Some of the parameters of momentary sampling vary appreciably across studies. The number of times that participants complete questionnaire can vary dramatically, ranging from one (e.g., Todd, Tennen, Carney, Armeli, & Affleck, 2004) to ten or more (e.g., Henker, Whalen, Jammer, & Delfino, 2002). Usually, the precise times at which individuals complete the questions are allocated random, but constrained within specific intervals. Participants might be informed they will complete the questionnaire at three times: once between 8 am and noon, once between noon and 4 pm, and once between 4 pm and 8 pm, for example.
In addition, the mode in which the questions are delivered varies across studies. In many studies, the questions are delivered on paper, usually in the form of a booklet that participants complete using a pen or pencil. The principal drawback of this medium is that participants often do not comply with instructions: they often complete many of the booklets at one time. This tendency was verified by Stone, Shiffman, Schwartz, Broderick, and Huffor (2003), using an unobtrusive photosensor to ascertain the precise times at which participants actually completed the questions.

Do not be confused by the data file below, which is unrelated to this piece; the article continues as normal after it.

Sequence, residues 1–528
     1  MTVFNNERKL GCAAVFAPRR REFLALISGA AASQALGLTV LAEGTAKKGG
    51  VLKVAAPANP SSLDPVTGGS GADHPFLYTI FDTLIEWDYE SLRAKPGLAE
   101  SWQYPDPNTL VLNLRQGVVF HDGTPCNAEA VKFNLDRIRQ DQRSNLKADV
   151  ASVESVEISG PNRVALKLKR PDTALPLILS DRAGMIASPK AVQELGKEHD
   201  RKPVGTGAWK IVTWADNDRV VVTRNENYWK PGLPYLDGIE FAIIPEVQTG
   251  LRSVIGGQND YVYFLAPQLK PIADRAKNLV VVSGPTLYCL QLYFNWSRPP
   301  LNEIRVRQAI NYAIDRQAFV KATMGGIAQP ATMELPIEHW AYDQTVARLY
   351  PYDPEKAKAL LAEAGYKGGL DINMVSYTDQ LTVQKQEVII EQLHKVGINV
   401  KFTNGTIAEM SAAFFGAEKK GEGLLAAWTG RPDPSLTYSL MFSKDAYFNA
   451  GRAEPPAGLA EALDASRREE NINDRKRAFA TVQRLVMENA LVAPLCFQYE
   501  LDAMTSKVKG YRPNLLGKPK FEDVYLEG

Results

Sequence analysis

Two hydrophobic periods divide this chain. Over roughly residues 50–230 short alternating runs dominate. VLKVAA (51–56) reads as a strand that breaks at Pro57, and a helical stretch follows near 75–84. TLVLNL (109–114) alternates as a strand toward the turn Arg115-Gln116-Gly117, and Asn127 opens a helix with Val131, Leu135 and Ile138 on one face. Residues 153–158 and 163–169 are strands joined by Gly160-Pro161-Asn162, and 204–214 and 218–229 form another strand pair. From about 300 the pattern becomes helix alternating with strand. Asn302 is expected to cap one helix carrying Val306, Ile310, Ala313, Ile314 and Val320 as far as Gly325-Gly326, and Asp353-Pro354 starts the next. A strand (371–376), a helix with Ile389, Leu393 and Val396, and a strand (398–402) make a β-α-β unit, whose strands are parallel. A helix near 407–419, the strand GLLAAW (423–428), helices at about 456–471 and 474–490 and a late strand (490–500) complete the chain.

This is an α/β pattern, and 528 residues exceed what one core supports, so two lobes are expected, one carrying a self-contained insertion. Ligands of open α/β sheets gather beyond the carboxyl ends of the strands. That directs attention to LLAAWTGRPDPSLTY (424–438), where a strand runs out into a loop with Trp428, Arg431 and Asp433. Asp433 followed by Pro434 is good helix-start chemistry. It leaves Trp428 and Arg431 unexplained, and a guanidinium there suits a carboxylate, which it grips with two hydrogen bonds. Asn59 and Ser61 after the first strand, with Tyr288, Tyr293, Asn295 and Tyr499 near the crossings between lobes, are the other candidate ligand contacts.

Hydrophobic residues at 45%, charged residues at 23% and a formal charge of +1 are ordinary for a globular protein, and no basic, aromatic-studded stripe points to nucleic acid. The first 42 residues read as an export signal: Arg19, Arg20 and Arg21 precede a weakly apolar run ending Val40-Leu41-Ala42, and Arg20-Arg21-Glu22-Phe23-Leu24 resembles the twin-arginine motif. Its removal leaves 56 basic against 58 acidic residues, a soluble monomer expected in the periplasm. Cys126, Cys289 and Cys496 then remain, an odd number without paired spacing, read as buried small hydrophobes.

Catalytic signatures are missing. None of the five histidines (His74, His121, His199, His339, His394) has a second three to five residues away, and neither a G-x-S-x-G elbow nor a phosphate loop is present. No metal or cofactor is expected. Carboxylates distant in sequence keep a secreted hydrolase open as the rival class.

To override this issue, some studies equip participants with personal digit assistants or electronic diaries (e.g., Piasecki, Huffor, Solhan, & Trull, 2007). Participants receive a cue and must complete the questions within a limited duration. Responses are then saved, together with the time at which the questions were completed. This equipment, however, can be expensive, inconvenient to convey, and difficult to program. As a consequence, other techniques have been considered, including mobile telephones (e.g., Collins, Kashdan, & Gollnisch, 2003).
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Last Update: 6/2/2016